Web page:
While there are cold water destinations for international travel, most people prefer to dive in tropical and sub tropical locations. This is mainly because the weather is not only nicer there…the presence of beautiful beaches are always an added bonus.
Let’s just briefly touch base on a few cold water options. These tend to be for the hardy and adventurous souls. They also tend to be less popular and subsequently, these trips are more expensive. You can go ice diving in the Antarctica, you can go diving for Alaskan King Crabs in Alaska, you can dive WWII ship wrecks off the Coast of France and England. There is also ice diving in the White Sea in Russia where you can dive with beluga whales. One really cool location, no pun intended is the Silfra Fissure in Iceland where you can dive between two tectonic plates. A few other locations are Scapa Flow in Scotland where there are WWI wrecks, British Columbia where there are beautiful cold water reefs and maybe six-gill sharks, if you are lucky. There are more but these are the most famous locations.
Forget about renting your gear, the only thing you will rent are tanks. You also need to have all of your regulators environmentally sealed for the cold water. Otherwise, they will freeze up. You will also need dry suits due to the extremely cold water. Even 7mm suits will not suffice for these dives. You will need special training for not only the dry suit but also for ice diving. These are truly magnificent places to dive. I ended up getting rid of all my cold water gear, so I guess I will never do these dives but it is not too late for you.
So let’s discuss warm water diving which will cover over 95% of the international diving trips. You know how I feel about renting gear especially for newer divers, so I won’t flog a dead horse with it. I have included a brief discussion on the gear you will need on your dives if you chose to bring your own stuff.
Let’s start with your dive suit. Warm water means thinner wetsuits. Since your dive suit is thinner, it is not as buoyant so you will not need as much weight to gain neutral buoyancy. Since your weight is less, you can get by with a BC with less lift, so your BC will be also smaller and lighter.
There are pros and cons for weight integrated BC’s. The pros are that they are easier to use and also less bulky than having a separate weight belt. The cons are if you get tangled up in seaweed or kelp and you have to take off your tank and BC, you will not have any weight to keep you submerged. You, therefore, have to really hold on tight to your tank and vest while you are disentangling yourself. If you have a weight belt this presents no problem. Luckily for you, this is highly unlikely to happen in warm water diving. Kelp is more common in cold water. When I dove in cold water I was using close to 40 lbs of lead weights, so I wore a weight harness under my BC. This allowed for me to divide the weight up. Because of the weight on my harness, I did not have a problem with buoyancy if I had to take my vest off. I highly recommend doing this. It also makes your BC tank combo a little easier to handle and to don.
Even though I don’t dive much any more, I still kept my weight harness. I find it handy when I do underwater glamour photography because the harness helps for me to stay submerged in the pool during my shooting.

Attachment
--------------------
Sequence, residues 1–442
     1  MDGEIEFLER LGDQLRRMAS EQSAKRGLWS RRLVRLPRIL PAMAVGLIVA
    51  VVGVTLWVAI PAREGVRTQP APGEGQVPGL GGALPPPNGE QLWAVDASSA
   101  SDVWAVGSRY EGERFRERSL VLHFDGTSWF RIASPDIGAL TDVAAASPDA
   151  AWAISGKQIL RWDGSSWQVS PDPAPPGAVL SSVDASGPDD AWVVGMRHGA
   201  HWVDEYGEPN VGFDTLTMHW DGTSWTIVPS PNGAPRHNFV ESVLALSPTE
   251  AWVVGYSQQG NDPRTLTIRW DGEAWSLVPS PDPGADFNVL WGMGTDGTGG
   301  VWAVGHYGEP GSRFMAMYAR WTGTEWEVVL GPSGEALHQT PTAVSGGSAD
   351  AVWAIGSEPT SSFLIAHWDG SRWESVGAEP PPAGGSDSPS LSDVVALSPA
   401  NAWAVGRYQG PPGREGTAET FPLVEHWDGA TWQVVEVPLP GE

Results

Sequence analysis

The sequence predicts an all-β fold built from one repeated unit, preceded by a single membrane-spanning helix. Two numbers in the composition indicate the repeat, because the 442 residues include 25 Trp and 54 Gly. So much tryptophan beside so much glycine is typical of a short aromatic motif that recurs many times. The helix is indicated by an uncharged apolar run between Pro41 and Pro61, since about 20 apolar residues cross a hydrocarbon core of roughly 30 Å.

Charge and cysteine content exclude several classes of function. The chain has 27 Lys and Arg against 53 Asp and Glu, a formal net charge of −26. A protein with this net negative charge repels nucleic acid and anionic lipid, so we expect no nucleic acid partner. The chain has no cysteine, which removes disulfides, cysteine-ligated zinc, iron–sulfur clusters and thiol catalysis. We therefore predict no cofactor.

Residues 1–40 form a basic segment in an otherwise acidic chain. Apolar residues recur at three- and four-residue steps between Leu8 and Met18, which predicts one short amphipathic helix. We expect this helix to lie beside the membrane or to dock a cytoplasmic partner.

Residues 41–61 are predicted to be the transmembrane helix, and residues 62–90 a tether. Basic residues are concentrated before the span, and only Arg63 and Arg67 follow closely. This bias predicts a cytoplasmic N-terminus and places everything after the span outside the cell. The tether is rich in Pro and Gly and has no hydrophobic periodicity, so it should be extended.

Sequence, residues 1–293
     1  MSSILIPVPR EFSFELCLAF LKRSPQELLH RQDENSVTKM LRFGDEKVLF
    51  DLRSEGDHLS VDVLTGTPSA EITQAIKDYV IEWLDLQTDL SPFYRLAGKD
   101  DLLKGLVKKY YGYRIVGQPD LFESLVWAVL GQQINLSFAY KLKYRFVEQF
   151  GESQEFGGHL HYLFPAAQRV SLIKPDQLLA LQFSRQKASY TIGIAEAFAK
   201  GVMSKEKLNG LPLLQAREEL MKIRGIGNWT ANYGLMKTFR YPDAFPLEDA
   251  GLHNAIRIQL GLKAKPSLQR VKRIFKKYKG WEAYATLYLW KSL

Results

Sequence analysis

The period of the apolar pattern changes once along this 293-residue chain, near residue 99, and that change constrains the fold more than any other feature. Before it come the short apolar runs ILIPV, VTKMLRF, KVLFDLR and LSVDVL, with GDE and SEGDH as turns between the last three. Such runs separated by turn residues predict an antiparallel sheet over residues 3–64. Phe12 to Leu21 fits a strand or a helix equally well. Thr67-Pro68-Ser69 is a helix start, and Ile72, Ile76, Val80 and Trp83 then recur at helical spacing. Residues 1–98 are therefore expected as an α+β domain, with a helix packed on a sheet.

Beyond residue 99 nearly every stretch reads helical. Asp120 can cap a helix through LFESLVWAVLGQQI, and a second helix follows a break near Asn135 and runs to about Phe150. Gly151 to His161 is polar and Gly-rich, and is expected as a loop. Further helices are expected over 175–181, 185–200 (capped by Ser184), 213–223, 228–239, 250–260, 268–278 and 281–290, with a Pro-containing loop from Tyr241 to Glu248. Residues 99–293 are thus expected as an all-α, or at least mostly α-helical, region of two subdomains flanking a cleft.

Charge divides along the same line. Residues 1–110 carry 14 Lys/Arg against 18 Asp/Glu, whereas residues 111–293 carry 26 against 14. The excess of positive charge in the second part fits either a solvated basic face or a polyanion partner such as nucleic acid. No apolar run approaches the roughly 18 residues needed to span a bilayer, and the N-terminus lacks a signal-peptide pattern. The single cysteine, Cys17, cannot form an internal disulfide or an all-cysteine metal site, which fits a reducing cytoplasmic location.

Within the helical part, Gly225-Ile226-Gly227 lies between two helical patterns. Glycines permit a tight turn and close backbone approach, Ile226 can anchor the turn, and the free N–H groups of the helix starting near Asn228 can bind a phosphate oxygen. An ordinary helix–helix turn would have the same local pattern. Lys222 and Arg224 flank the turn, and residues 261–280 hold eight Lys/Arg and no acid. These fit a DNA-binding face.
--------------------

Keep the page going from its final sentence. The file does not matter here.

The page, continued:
Now back to your gear, because you have a much more streamlined profile you don’t need large fins to propel you through the water. While you may think positively buoyant fins would be a good idea, you would be wrong. Get fins that are slightly negatively buoyant. It makes shallow water diving much easier, otherwise, your fins will keep on pulling you to the surface. Also don’t waste your money on split fins, they are the biggest piece of crap in the world. You will kick up silt even if your are ten feet about the bottom. They simply create too much turbulence in the water. Not to mention they will set you back a $150.00. I had two pair languishing in my spare parts bin at home until I finally donated them to a local dive club. The fins will be open heeled fins, the closed heel fins are crap so avoid them. One thing that I remain steadfast on and that is use spring straps for all of your fins. They are more comfortable, easier to put on and will never ever rot and break. You already know what happens when your fin straps dry rot. Get comfortable hard soled scuba boots with treads. You will also need to get scuba socks, especially if you are going to do a lot of diving. Your feet and the backs of your ankles or Achilles tendon region will thank you (the spot where you sandal strap sits). Regarding your mask, make sure that it not only fits well but that you pack it in a hard case. Dive masks can cost a $100.00 or more at a pop, so protect your investment.
I highly recommend reducing the number of hoses coming off your 1st stage regulator as much as possible. That is why I used “hoseless” dive computers and air integrated BCs. I hate having a backup stage 2 regulator dragging and bouncing off reefs and the sandy/rocky bottom. I can’t think of a better way to end up with a backup regulator not working when you need it the most.
When possible always dive with at least a 10 cf pony bottle with its own dedicated regulator. Even though you have a partner, do you really want to rely on them for air in case of an emergency? The way I see it now two people end up dead instead on just one. You can travel with the pony bottle on planes. All you have to do is to undo the valve and put a microfiber towel in the opening of the tank. Then when you get to your location the local dive shop will check it out and refill it and you are good to go. When I did solo dives I used a 30 cf pony bottle as an emergency backup one only. Do not rely on it as part of your dive profile. To monitor the pressure for your pony bottle you can use a small button style pressure gauge. I made a little sling harness that clipped to the front of my BC. Some people attach it to their main tank, that is also fine. However, I prefer having it in front because I like to keep track of the tank and also I keep it turned off to prevent any accidental loss of air.